Roehampton girls champion Claire Liu, seeded No. 3 this week, didn't let two rain delays slow her down, as she took out Mahak Jain of India 6-2, 6-1.  Liu, who didn't lose a set in her six matches at Roehampton, has lost only six games in her first two wins at Wimbledon. She will play No. 16 seed En Shuo Liang of Taiwan on Wednesday.

Liu is one of five US girls who advanced to Wednesday's third round, with top seed Kayla Day's match with qualifier Jule Niemeier of Germany suspended with Day up 6-2, 1-3.

Ann Li defeated British wild card Eliz Maloney 6-2, 4-6, 6-3, and will play qualifier Maja Chwalinska of Poland, who surprised Australian Open champion and No. 5 seed Marta Kostyuk 6-1, 6-4.  Chwalinska, a 15-year-old who looks no more than 12, didn't give Kostyuk any pace to work with, using slices and drop shots to keep the Ukrainian out of her rhythm. Kostyuk saved two match points serving at 2-5 and was able to break Chwalinska when serving for the match, but Chwalinska broke to earn the win.

While the Australian Open girls champion exited, French Open girls champion Whitney Osuigwe,  playing on the next court over, did manage to extricate herself from an upset bid by Ylena In-Albon of Switzerland 2-6, 6-3, 6-3.

Osuigwe, who took over the ITF's junior No. 1 position this week, had lost to In-Albon in their previous meeting back in May, at the Grade A in Milan, so she was not looking past the 18-year-old left-hander.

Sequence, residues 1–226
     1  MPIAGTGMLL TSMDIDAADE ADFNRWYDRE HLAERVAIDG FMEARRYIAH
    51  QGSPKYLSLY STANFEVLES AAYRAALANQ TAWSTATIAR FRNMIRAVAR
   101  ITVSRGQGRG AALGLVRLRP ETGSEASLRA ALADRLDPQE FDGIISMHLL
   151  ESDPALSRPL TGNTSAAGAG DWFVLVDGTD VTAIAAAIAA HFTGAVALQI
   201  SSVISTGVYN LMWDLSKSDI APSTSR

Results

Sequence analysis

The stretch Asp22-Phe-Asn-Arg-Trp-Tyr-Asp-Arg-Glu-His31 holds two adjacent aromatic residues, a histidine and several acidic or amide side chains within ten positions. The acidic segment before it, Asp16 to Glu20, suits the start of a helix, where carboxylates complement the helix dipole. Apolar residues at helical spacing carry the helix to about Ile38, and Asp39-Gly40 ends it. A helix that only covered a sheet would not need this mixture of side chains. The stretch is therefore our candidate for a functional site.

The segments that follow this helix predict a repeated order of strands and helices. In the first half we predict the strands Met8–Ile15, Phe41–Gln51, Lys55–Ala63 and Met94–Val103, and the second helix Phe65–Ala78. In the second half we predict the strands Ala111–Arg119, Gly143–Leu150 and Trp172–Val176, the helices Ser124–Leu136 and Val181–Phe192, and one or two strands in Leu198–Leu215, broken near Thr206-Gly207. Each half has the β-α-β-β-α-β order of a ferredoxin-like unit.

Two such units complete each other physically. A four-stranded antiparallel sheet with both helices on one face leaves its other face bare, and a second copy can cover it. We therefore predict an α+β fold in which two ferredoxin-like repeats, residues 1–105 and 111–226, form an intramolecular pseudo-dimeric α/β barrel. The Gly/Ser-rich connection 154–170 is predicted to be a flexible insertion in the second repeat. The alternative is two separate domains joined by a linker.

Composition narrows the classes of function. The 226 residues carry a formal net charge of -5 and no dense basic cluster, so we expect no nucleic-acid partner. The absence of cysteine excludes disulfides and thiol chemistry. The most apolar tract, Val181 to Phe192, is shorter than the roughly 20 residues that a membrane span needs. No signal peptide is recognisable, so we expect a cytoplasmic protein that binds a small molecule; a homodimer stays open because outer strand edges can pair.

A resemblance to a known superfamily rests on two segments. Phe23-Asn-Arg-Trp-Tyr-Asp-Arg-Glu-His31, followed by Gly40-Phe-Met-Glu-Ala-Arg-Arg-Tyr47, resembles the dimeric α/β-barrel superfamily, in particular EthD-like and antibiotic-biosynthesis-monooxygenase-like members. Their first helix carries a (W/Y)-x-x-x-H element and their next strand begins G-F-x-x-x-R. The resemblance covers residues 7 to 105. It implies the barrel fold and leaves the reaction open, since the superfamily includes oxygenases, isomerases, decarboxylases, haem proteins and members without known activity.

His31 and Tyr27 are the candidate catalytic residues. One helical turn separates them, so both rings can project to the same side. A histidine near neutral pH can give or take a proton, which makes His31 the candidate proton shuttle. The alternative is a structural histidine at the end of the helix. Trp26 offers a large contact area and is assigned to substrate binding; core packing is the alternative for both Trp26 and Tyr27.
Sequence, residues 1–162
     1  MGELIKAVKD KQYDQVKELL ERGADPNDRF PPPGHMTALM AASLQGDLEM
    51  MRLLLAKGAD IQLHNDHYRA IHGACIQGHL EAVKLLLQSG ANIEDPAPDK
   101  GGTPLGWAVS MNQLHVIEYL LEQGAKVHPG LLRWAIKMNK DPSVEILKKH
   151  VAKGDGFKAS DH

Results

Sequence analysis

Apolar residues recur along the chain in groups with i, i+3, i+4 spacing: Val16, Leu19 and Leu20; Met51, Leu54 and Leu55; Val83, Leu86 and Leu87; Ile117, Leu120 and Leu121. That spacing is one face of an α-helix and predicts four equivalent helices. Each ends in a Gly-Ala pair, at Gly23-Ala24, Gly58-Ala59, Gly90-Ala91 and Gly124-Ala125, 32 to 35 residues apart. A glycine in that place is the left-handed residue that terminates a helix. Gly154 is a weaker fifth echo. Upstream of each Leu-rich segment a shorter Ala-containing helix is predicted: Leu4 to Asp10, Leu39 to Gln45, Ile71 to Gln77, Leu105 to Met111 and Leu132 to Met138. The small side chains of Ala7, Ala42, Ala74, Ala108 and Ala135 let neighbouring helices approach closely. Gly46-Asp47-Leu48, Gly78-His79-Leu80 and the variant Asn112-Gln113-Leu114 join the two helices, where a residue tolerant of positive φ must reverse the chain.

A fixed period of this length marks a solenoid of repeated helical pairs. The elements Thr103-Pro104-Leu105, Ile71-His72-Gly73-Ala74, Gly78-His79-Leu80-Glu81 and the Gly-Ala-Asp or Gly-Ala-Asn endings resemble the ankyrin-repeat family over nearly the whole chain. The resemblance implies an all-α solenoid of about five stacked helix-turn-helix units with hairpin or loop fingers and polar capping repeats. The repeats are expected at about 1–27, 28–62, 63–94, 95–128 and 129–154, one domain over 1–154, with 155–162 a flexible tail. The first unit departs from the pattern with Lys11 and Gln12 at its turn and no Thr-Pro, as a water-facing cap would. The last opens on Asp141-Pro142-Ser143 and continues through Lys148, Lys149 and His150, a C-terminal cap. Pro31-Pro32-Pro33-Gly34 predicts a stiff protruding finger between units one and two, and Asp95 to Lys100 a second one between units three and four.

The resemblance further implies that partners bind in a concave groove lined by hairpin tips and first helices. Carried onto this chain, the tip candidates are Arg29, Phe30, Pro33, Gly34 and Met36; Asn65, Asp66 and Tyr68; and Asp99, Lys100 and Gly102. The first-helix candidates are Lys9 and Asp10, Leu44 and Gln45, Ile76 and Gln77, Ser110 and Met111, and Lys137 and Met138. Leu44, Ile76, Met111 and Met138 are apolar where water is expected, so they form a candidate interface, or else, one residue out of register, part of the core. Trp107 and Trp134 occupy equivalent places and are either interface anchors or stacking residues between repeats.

"She's definitely a clay court player," said the 15-year-old from Florida. "She has a good serve and when she's on the run, she knows how to get herself out of it...she's just a good player all around."

Osuigwe attributed her slow start to nerves, but she was able to calm herself down after a bathroom break between the first and second sets.

"After I went to the bathroom, I had a total mindset change," Osuigwe said. "I focused myself back in on what I needed to do: more kick serves, better placed serves, moving her with angles."

Osuigwe saw her 4-1, one-break lead in the second set dwindle, but she broke In-Albon for a 5-3 lead then served out the set with some great defense on her one set point at 40-30.

In the third set, Osuigwe was up two breaks at 4-1, but she lost nine points in a row, and In-Albon got one of the breaks back before Osuigwe held for a 5-3 lead.

At 5-4, a light rain began to fall, and In-Albon had words with the chair umpire, but it was about the score, not the conditions on the courts. In-Albon argued that the score was deuce, not 5-4, contending that Osuigwe had been down 0-40 on her serve, apparently certain that a shot she had hit on the second point of the game was in, although it was called out. In-Albon didn't object when the chair called the score in subsequent points of that game however, so her argument at the change of ends proved futile.

In-Albon was unable to regroup after the discussion, and she netted a forehand at 15-40 to give Osuigwe the win, just moments before rain heavy enough to suspend play for the remainder of the day arrived.